January 17, 2019
By Doug Surrett, chief product strategist at BluJay Solutions
Improving the customer experience has been a motivating driver for innovation across several industries, and the supply chain is no exception. Over the last decade, the retail industry in particular has undergone a massive transition with the rise of e-commerce. Online shopping continues to gain popularity at an exponential rate; consumers aren’t as dependent on physical storefronts when making their purchases. As the digital world continues to be center-stage and e-commerce giants offer delivery experiences like Amazon Prime, consumer demands have only skyrocketed.
To put this into perspective, let’s take a look at retail’s behemoth, Amazon. Since its launch in 1995, the company’s guiding principal has been to be the Earth’s most customer-centric company, raising the standards for customers to not only receive their goods in an expedited timeframe, but to do it with little to no shipping cost. And with peak demand stimulated by Amazon’s Prime Day, vendors and third-party resellers must plan for this 36-hour shopping frenzy months in advance. While this allows businesses to capitalize on the momentum, it also demands that they step up their tools to allows supply chain managers to work smarter and more efficiently from the first mile all the way to the last.
In fact, as competition to deliver on these expectations continues to rise among vendors and logistics companies, supply chain leaders are placing more emphasis on improving the last mile of delivery in particular. The final mile is the point where an organization’s customer experience is tested, and also where 28 percent of the delivery cost is attributed, adding up to over US$85 billion globally. As a result, the creation of new tools to improve speed and accuracy and expand parcel volume is critically important. To address these shifts in the supply chain and help suppliers keep up with peak demand periods, businesses must implement modern, advanced transportation technologies to remain competitive in the marketplace.
As it turns out, the solution to leveraging the last mile as the supply chain grows more global and complex is right within reach – literally. Almost every industry and aspect of society is becoming increasingly mobilized, and the supply chain is no different. Mobile platforms have the potential to enhance user efficiencies and the customer experience, all while helping to streamline daily processes and manage shipping spikes across multiple sectors. In order to keep up with such a dynamic business, supply chain managers are wise to consider a mobile solution in the hands of carriers and drivers that is flexible, easy-to-deploy, and manages the last-mile delivery experience with real-time updates for all stakeholders.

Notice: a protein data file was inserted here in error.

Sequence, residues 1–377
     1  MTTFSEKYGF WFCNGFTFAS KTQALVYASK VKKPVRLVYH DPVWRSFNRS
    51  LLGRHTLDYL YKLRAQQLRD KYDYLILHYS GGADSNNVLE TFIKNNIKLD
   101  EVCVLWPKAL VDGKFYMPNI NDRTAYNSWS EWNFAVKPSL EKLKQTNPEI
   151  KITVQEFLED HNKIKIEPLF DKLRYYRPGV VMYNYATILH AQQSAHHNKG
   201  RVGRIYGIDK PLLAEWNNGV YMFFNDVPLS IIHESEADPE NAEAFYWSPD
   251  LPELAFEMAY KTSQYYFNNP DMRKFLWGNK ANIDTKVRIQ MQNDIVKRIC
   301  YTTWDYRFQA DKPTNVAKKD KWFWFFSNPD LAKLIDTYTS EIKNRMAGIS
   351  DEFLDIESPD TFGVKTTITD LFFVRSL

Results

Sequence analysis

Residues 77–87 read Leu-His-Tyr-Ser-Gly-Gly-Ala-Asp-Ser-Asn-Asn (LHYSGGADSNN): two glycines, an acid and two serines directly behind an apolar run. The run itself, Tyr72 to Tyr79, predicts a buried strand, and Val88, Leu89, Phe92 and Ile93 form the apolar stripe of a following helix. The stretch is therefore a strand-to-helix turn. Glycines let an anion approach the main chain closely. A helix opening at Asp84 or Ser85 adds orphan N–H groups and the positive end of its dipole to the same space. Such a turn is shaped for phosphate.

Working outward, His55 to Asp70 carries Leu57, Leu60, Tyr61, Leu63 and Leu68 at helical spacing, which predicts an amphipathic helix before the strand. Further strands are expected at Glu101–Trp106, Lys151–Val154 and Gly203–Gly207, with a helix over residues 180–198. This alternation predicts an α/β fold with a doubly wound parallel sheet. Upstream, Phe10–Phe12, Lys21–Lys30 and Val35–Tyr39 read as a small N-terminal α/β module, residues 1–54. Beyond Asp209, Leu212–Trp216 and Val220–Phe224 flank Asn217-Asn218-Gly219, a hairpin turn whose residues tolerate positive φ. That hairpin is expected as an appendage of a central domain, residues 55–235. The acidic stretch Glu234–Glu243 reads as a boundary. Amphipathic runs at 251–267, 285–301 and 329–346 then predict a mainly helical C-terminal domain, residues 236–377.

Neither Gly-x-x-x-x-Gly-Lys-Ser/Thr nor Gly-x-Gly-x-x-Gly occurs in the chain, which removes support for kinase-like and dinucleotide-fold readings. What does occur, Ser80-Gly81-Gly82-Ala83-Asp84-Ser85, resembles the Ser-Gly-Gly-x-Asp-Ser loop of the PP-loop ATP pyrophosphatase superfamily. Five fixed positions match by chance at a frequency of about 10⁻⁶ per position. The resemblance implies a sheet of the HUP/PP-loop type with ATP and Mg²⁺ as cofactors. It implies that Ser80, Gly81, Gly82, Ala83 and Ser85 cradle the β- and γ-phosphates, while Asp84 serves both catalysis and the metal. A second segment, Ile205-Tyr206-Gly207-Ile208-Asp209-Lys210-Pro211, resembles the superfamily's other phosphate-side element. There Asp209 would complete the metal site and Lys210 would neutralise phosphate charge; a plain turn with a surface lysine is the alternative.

For instance, a mobile platform can deliver automated real-time track and trace and last-mile routing, allowing shipment and driver information to be shared with partners up and down the supply chain. This kind of visibility allows sellers to closely monitor shipments and respond to customer issues and opportunities immediately, ultimately improving the customer experience. Additionally, a mobility solution empowers end-customers through this immediate tracking and improved visibility. Customers can easily monitor their expected goods, receive proactive alerts, and redirect their delivery. These options let customers have a stake in the last mile and allow them to tailor the experience to fit changing needs.
In addition to improved visibility, a flexible mobility solution can help shippers and carriers keep up with the expedited timeframe for delivery of goods and improve costs while doing so. Speed and accuracy have become vital components to meeting the short delivery window expected by customers. Shippers and carriers benefit from solutions that will improve their processes and allow them to deliver goods at competitive speeds. Mobile capabilities can help drivers achieve this by improving ETA through route optimization, moving products faster through the warehouse with active messaging, and replacing manual, labor-intensive tracking processes. This ultimately allows consumers to receive their goods faster, with the most efficient shipping cost.
In summary, mobility is a key driver of supply chain innovation that supply chain professionals see delivering among the greatest benefits over the next five years.* As e-commerce continues to evolve, being able to move quickly and more efficiently while increasing visibility is the key to not only staying competitive today, but preparing for the changes yet to come.
Doug Surrett, Chief Product Strategist
Doug Surrett has been in the logistics industry since 1988. He currently serves as Chief Product Strategist for BluJay Solutions, where he oversees the company’s product convergence and expansion strategy. Previously, Doug served as Vice President, Global Logistics for MercuryGate, and Vice President of TMS Consulting for RedPrairie. Before joining RedPrairie, he worked at UPS in Operations, IT, and Customer Automation. He has also owned his own consulting practice focused on TMS, Global Trade, and WMS software systems.